One of my good friends turned me onto the Joe Rogan podcast, and when I saw an episode with Gary Vaynerchuk, I had to see what it was all about.
I’ve always enjoyed listening to Joe Rogan speak. He is a student of the universe and is a brilliant multi-faceted individual. Introduce GaryVee, and there will undoubtedly be some interesting discussions.
They discussed everything from motivational speakers, technology, performance-enhancing supplements to competition and entrepreneurship.
If you ever decide it’s time to switch from watching TV for a little while, tune into Youtube and check out this podcast. Here are a few things I learned.
As I hear Gary Vaynerchuk’s story in life, I begin to see some comparisons between him and myself. Which is very beneficial for reflectin on my experiences and where they might be taking me.
We both got a very early jump on entrepreneurship. Starting on the playground, we both had an obsession with trading cards. I remember very clearly buying this magazine called Beckett, which had the value of sports cards and it was where I first learned about investing. I’d try and buy an issue every few months to see how the value of some of my cards would change. During the day, I would meet with other kids on the playground, bartering deals to try and get my hands on some of the more valuable ones.
We both got a very early jump on entrepreneurship. Starting on the playground, we both had an obsession with trading cards.
We both would hustle however we could to try and earn a few dollars. Shoveling sidewalks, selling things in the neighborhood, etc. I am not in GaryVee’s ballpark of success yet. However, I am working my hardest to achieve results as he has.
One thing I admire about GaryVee is his goal setting. He talks about his goal is to buy the New York Jets and win Superbowls. This came from his realization that he wouldn’t be playing for them, so he might as well own them. I come from an athletic background, and I also realized something interesting at a young age.
Athletes are employees of the owner. They could be traded, cut, and more often than not they end up with financial trouble because they haven’t learned financial responsibility. So, if anything, it was more advantageous to be on the ownership side of the sports team than any. Sure there is fame that comes with being an athlete, but for some reason, this turned me off, and I turned to entrepreneurship.
In the episode, you can almost hear the tone in Joe Rogan’s voice, where it sounds like he is almost making fun of “motivation people.” Mr. Rogan had a good argument; there are many people that only do motivational speaking. In the end, he states that he appreciates powerful motivators because they can do something great; Only that we appear to live in a world of self-proclaimed snake oil salespeople.
This has always been something that I thought about. I feel like I have great power at helping push people in the direction they want to go in life, but I don’t want to be “phony” or inauthentic. So often I find myself keeping my mouth closed, focusing on the process of work and how to create value.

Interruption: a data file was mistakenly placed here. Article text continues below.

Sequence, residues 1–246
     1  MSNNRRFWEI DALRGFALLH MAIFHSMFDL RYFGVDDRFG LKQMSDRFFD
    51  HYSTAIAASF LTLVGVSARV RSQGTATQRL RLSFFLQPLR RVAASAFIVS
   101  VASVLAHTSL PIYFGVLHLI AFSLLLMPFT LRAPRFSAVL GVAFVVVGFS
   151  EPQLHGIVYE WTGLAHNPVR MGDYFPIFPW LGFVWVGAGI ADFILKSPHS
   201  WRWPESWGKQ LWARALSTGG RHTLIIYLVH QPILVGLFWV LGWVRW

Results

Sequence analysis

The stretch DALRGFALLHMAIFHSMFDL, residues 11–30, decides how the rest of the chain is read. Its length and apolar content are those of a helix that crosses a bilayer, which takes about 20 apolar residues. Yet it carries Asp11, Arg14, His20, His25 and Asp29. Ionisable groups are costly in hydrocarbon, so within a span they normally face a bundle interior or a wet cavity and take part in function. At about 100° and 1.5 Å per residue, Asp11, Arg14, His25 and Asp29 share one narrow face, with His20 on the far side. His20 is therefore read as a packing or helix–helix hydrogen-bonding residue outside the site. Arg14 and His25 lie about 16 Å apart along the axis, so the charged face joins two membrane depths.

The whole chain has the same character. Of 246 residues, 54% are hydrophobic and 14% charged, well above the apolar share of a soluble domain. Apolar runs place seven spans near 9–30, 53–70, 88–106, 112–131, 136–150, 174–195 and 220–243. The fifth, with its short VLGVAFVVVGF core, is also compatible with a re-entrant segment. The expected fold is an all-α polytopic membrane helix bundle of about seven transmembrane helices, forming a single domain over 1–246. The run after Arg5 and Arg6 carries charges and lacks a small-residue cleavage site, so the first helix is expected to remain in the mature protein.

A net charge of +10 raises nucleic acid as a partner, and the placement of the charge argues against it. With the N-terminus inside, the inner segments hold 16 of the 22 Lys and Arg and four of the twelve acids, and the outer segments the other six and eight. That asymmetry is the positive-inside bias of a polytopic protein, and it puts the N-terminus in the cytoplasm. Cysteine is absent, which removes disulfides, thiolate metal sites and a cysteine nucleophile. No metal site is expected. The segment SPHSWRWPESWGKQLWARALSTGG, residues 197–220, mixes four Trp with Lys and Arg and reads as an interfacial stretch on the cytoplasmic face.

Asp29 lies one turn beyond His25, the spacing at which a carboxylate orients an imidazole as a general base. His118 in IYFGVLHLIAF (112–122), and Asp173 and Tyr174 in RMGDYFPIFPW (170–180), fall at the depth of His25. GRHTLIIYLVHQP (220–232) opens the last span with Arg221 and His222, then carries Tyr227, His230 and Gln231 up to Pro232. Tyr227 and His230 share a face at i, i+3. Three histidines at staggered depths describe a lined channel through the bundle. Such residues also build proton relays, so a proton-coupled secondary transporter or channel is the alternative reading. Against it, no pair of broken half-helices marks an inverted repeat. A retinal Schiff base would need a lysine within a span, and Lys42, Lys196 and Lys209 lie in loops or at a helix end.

GaryVee talks about his feelings on the subject, and he felt the same way. Except now he has the success and track record to back it up and has been pushing motivation hard on his social media channels. His approach is very raw and authentic, and it’s something to take note of.
This is where these two guys saw their biggest differences. Gary Vaynerchuk is hyper-competitive. To the point where he doesn’t even let his 7-year-old daughter sink a basket when the play basketball. His logic, she needs to work hard to be better, so the day she does succeed, it is earned. Mr. Vaynerchuk believes she will be better for it and reach a higher level of success because of it.
His approach was that he would put himself in the same state as his opponent, utilizing the same level of strength and have to work more creatively to get anything out of the exercise for himself.
Joe Rogan, with his background in martial arts, feels as though it is the responsibility of the master to help grow their student. He illustrated this perfectly when he talked about grappling with a female in ju-jitsu. His approach was that he would put himself in the same state as his opponent, utilizing the same level of strength and have to work more creatively to get anything out of the exercise for himself.
I can understand where both are coming from, as I once was leaning more towards the side of GaryVee when I was young. Fiercely competitive, I was here to break records. That was my attitude, and it produced many opportunities.
However, as I grew older I realized as a leader, my responsibility was to develop other leaders. Sure I could be the talent and “the star,” but that wouldn’t have the widest reaching influence. So I learned to adapt my competitive nature to match the environment. One risk is that certain times I would take my opponents too lightly and it backfired.
It was tough for me, but I know the others felt good, so I had to do some work not to let it get to me. So it really is a balance. I don’t know how I feel about living in a world with 8th place medals, but I do want people to be encouraged to work harder at the things they love, and I believe if someone is truly motivated to succeed, they can take a disappointing finish and come back stronger. If not they may be cut out for something else, and that is okay!
My Conclusion Of The Joe Rogan Podcast
Seriously check out the Joe Rogan podcast. Amazing content and guests and it will truly get you thinking about what is going on in your life through a different lens. It has for me at least.